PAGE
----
Monday, June 13, 2022

Real Power vs. Status Symbols

"Why are affluent people more susceptible to luxury beliefs? They can afford it. And they care the most about status."--Rob Henderson's Newsletter

Stages of Power
A friend sent me a stimulating article this morning titled "Luxury Beliefs Are Status Symbols." I say stimulating because it served as a catalyst to ignite other thoughts I've had in the past and their connections to books and articles I've read. 

The premise of this article is that the things that used to confer status on elites has changed over time. It used to be goods that conferred status. The biggest yacht, the biggest house (or most houses), having servants--all of these things were designed to let people know, "We're not like other people. We're in a different class. We're more important." 

Today, however, demonstrating status has taken a new form. Henderson calls it "Luxury Beliefs." Luxury beliefs, he says, "are ideas and opinions that confer status on the upper class while often inflicting costs on the lower classes."

The article notes that the biggest proponents of defunding the police are not the middle and lower classes, but rather the elites who can afford their own private security and who live in gated communities.

In Pennsylvania, if you have a rust spot hole in the body of your car that is bigger than a quarter, you can't pass the mandatory state car inspection. Elites drive new cars every year, so the rule never hurts members of their class. What it does, however, is keep cars more expensive, not necessarily safer. That small hole is not going to kill or maim anyone. It limits the quantity of used cars available, thereby driving prices up.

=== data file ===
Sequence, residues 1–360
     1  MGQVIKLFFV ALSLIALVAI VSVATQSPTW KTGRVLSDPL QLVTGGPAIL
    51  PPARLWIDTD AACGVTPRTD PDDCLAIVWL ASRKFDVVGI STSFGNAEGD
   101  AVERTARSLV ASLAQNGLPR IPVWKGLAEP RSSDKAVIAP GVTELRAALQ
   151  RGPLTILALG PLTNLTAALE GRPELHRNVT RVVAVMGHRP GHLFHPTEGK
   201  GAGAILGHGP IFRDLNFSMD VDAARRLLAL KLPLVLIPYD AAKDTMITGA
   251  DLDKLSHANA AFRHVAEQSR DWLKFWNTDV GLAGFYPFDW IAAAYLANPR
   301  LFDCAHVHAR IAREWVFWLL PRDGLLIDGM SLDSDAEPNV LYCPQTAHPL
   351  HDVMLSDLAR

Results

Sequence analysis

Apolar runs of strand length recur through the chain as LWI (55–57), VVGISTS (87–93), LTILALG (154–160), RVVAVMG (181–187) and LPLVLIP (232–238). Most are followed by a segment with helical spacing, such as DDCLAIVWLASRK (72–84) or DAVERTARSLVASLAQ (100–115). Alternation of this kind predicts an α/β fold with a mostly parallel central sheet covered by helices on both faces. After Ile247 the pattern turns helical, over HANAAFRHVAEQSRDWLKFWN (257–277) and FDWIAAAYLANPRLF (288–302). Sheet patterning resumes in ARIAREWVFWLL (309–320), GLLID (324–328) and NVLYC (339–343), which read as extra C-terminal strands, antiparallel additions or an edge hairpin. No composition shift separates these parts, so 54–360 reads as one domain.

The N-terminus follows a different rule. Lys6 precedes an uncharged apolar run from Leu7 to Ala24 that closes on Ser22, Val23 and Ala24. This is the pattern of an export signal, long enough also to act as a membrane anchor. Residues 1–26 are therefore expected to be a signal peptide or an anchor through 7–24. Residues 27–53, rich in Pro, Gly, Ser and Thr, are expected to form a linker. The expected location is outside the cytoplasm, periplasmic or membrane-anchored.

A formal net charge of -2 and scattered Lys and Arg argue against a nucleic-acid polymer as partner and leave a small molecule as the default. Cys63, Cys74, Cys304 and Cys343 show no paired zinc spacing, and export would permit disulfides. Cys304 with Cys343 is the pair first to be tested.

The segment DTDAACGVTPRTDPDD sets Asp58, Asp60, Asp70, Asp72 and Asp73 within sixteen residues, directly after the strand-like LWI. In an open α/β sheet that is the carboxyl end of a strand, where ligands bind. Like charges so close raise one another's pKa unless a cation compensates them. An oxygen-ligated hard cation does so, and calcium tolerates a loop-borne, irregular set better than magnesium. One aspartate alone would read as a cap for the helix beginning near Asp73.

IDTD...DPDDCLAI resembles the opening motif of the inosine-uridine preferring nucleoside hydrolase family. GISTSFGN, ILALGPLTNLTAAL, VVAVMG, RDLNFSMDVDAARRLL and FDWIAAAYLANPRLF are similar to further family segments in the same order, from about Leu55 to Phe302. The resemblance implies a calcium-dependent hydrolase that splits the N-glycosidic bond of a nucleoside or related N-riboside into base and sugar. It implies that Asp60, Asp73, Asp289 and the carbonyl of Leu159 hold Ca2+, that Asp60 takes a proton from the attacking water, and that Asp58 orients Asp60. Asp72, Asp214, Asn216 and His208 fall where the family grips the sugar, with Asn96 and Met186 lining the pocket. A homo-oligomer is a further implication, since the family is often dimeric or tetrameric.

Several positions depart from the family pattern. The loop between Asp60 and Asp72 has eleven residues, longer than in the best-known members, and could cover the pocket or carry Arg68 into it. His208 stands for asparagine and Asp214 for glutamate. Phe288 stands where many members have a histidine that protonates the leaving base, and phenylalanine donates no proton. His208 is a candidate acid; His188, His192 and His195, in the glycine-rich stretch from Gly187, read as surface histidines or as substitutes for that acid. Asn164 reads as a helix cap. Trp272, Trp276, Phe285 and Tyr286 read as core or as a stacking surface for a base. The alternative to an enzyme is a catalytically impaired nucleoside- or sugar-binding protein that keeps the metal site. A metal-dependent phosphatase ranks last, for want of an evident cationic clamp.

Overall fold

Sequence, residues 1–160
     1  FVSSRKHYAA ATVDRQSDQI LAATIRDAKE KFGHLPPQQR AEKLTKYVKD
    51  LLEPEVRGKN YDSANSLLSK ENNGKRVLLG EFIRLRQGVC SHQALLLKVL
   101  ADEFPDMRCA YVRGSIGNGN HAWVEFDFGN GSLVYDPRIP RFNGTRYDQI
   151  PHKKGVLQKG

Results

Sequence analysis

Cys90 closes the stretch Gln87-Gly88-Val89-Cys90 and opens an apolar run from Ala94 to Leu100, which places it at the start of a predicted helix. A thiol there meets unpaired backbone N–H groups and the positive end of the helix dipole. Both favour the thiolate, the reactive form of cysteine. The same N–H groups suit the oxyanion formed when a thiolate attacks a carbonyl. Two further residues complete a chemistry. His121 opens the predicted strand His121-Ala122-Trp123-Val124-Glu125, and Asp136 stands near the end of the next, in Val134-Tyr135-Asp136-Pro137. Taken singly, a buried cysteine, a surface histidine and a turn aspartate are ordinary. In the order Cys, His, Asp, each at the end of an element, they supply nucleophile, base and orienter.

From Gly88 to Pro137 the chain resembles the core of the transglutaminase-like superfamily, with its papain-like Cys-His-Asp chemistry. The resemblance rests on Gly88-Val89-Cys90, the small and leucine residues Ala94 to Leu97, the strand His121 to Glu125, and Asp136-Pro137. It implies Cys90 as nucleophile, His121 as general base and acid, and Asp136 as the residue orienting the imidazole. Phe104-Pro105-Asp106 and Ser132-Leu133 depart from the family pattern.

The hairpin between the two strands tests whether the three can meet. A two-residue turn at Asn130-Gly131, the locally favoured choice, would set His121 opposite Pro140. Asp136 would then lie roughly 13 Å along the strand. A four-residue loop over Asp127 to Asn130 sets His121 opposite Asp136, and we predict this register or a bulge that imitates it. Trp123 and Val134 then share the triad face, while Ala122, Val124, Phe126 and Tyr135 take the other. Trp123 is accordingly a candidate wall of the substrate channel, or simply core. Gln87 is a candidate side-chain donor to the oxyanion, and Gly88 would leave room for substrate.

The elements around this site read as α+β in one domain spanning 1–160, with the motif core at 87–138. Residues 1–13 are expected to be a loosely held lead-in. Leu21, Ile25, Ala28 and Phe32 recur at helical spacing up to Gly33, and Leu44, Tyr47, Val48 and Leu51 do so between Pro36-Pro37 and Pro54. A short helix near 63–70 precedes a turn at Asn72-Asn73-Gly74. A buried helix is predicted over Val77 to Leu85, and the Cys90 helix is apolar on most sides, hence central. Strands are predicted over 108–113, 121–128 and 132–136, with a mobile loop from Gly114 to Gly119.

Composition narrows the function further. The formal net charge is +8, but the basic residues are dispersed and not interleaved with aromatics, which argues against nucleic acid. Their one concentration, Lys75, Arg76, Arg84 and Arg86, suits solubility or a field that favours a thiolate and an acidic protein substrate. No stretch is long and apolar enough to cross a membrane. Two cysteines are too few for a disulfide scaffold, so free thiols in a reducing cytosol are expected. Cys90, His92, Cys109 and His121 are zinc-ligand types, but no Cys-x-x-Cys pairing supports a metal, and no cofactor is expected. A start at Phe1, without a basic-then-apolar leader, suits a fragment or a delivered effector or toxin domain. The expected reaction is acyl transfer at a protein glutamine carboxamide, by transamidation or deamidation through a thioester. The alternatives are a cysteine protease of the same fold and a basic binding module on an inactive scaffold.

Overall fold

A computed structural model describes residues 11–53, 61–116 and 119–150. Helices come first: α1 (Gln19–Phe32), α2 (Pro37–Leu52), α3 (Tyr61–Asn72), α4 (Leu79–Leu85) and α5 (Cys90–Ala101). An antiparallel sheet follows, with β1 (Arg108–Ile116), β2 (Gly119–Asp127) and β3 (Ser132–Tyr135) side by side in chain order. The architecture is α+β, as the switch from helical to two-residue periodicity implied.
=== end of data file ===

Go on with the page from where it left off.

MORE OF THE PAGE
The notion of Status Symbolism brought to mind a really insightful book by Janet O. Hagberg titled Real Power. Hagberg's experience as a consultant to numerous Fortune 500 companies in the 1980s gave her an insider's perspective on the nature of power within organizations. Her book details the six stages of personal power.

Hagberg details the characteristics of each stage, identifying what holds people back in that stage, and the ways to move forward out of that trap. Here are the stages she outlines.

Stage One: Powerlessness

Stage Two: Power by Association

Stage Three: Power by Symbols

Stage Four: Power by Reflection

Stage Five: Power by Purpose

Stage Six: Power by Gestalt

The reason this came to mind is because of what she said in the third chapter about symbols of power. 

Essentially most people who rise above the sense of personal powerlessness do so by associations or symbols. Unions, caucuses, church groups, VFW--there are manifold ways in which people feel more powerful by associating with a bigger group or team. 

Others gain a sense of power by means of symbols of success such as driving the right cars, living in the right neighborhood, capturing the corner office. In Hagberg's view these levels are traps that hold us back from attaining real power. Stages two and three derive their power from others rather than from within.

So returning to the original story, according to Rob Henderson Luxury Beliefs Are Status Symbols. To me, this is probably the most striking statement from the article: "Luxury beliefs are ideas and opinions that confer status on the upper class while inflicting costs on the lower classes." It's an interesting concept, and you can read the article by clicking on the bold, light blue text above.

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There was another story that came to mind when I thought of what was called "the leisure class" a hundred years ago. During World War One, one of the reasons so many young soldiers--men and boys--were slaughtered at the Somme and elsewhere in the early part of war is that nearly all but one of the British generals were from the leisure class. They had no clue what war was. They were generals in name, but preferred fox hunting and drinking fine wine or whatever diversion du jour occupied their attention. These generals were to be implicitly obeyed even as they ordered their troops to run headlong into German machine gun fire. 

Read: The British Generals at the Dawn of World War One

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Meantime life goes on.  

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